Paul Berthold Kusserow -- Chairman & Chief Executive Officer

Yes. We balance hospice with ADC. ADC is our most important number and since Chris is responsible for the numbers and runs the businesses, I'll let him answer. But we feel comfortable in general, unless Chris can say otherwise. Chris?

Christopher T. Gerard -- President & Chief Operating Officer

Yes. So going in line with your questions on home health, I would say, we feel slightly better than going into the year based on the first quarter, just kind of how things are shaping up and a lot of this is going to be dependent upon some of the senior living coming back and us taking our share in that area as well and just continuing to action on our plan. So I feel strong about the 9%, it could come in better than that, but I feel good about that. On the hospice side, I'll say I feel better about the 8% of ADC growth than I do 18% admission growth just given the soft Q1 and a little bit of a lap that I've got to build -- we've got to build up here in Q2. But I think we will get it on track, the 8%. We're getting the tailwinds of the -- length of stay coming back faster than we had modeled. But I feel like we're going to have a really strong exit second half of the year and going into 2022 and we should be able to deliver kind of our financial commitments on the hospice side. I feel pretty good about that. On the Personal Care side, that one, we really continue to struggle to grow that business and it has been -- it has the most lingering effects of the pandemic because even when the pandemic is gone, you still have labor issues at that wage level. So a good example is that stimulus checks went out last month, our turnover spiked and our number of new applications dropped significantly. So as you have a difficult labor market -- and most of our business is in Massachusetts, which is also little bit of a difficult labor state. We still got some headwinds. We got to work through to be able to get to where we're growing our caregivers. As soon as we can grow our caregiver base, we will be on a growth trajectory for the business. So I still look at the second half kind of momentum there, still working through some challenges today, which is kind of access to caregivers.

Paul Berthold Kusserow -- Chairman & Chief Executive Officer

Yes and I guess just -- I'll add a comment, Steve, to that on Personal Care. I'm so happy to be in personal care. We're in a tough state, Massachusetts. We do mainly Medicaid, but the fact that we're able to use personal care and show that we can drive home-based dialysis, the fact that we're using Personal Care -- our Personal Care assets with our partnership with Sound Physicians in the SNF-at-home project is something that's fantastic. The fact that we're building a network of Personal Care assets is something, again, that provides national coverage. And that's growing nicely, although we want to grow it faster. That's something I'm real proud of and we're learning every day in the business. So -- and it's a very small business. As you know, it's about an $80 million business. But I think doing all that, we're learning just about the combination of all these services and how, when you put them together, they can be really beneficial to patients and provide tremendous value along the care continuum. So I think that we're very committed to the Personal Care business, particularly in an innovative way. So that's what I'd say on that.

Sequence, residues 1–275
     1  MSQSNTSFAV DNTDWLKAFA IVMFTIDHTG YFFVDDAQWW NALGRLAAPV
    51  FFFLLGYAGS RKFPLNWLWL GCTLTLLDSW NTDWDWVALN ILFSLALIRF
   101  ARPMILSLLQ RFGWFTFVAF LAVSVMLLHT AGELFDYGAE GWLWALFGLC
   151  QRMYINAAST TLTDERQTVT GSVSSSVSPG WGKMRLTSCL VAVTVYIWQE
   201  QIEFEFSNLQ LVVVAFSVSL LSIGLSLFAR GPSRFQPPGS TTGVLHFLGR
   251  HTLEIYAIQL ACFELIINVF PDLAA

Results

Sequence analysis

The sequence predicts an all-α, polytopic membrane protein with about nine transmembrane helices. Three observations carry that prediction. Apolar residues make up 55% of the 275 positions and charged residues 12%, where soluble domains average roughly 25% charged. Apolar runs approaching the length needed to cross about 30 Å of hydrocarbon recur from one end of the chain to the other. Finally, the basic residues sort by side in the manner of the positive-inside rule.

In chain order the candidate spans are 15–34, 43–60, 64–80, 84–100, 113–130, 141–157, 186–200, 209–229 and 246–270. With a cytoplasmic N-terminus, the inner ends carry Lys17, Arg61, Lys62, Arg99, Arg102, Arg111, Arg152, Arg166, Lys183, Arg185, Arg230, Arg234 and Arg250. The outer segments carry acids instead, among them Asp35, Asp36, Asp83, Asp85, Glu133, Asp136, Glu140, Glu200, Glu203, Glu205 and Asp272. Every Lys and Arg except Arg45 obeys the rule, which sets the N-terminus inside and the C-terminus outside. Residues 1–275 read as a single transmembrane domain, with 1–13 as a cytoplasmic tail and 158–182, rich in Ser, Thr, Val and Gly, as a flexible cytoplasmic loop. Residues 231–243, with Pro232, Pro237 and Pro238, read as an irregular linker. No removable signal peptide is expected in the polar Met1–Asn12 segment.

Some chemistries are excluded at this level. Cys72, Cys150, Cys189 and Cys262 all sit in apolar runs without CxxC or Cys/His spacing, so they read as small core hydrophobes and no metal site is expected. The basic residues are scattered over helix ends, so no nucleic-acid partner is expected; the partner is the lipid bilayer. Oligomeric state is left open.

Steven Valiquette -- Barclays -- Analyst

Okay. That's perfect. Thank you.

Paul Berthold Kusserow -- Chairman & Chief Executive Officer

Thanks Steve.

Nick Muscato -- Senior Vice President of Finance

Jen, do we have anyone else in queue?

Paul Berthold Kusserow -- Chairman & Chief Executive Officer

Should I start reading T.S. Eliot, Jen? Are we off?

Nick Muscato -- Senior Vice President of Finance

No. Operator, are you there?

Paul Berthold Kusserow -- Chairman & Chief Executive Officer

I think we have two more questions in the queue.

Nick Muscato -- Senior Vice President of Finance

So guys in queue, we apologize for the technical difficulties. We're going to call it.

Paul Berthold Kusserow -- Chairman & Chief Executive Officer

Yes. I think we're going to -- I think we'll call it, and we've got two folks. I think John had a circle around and then Bill was in the queue. So we'll call you right up afterwards. We apologize for this. We shouldn't have this happen. But I want to -- thanks to everyone who joined us on this call today. Like to thank again our incredible employees who delivered all this great value and wonderful results. Please keep doing what you're doing, take care of the great people, our patients who need us the most. We hope that everyone has a wonderful day, and we look forward to updating you on our ever-evolving progress and purposeful work on our next quarterly earnings call in July. Until then, have a wonderful day, and we look forward to talking to you as we progress. Take care. Bye.

Duration: 71 minutes

Call participants:

Nick Muscato -- Senior Vice President of Finance

Paul Berthold Kusserow -- Chairman & Chief Executive Officer

Christopher T. Gerard -- President & Chief Operating Officer

Scott G. Ginn -- Executive Vice President & Chief Financial Officer

Sharon Brunecz -- Chief Human Resources Officer

Brian Tanquilut -- Jefferies -- Analyst

Matt Larew -- William Blair -- Analyst

A.J. Rice -- Credit Suisse -- Analyst

Joanna Gajuk -- Bank of America -- Analyst

John Ransom -- Raymond James -- Analyst

Frank Morgan -- RBC Capital Markets -- Analyst

Justin Bowers -- Deutsche Bank -- Analyst

Steven Valiquette -- Barclays -- Analyst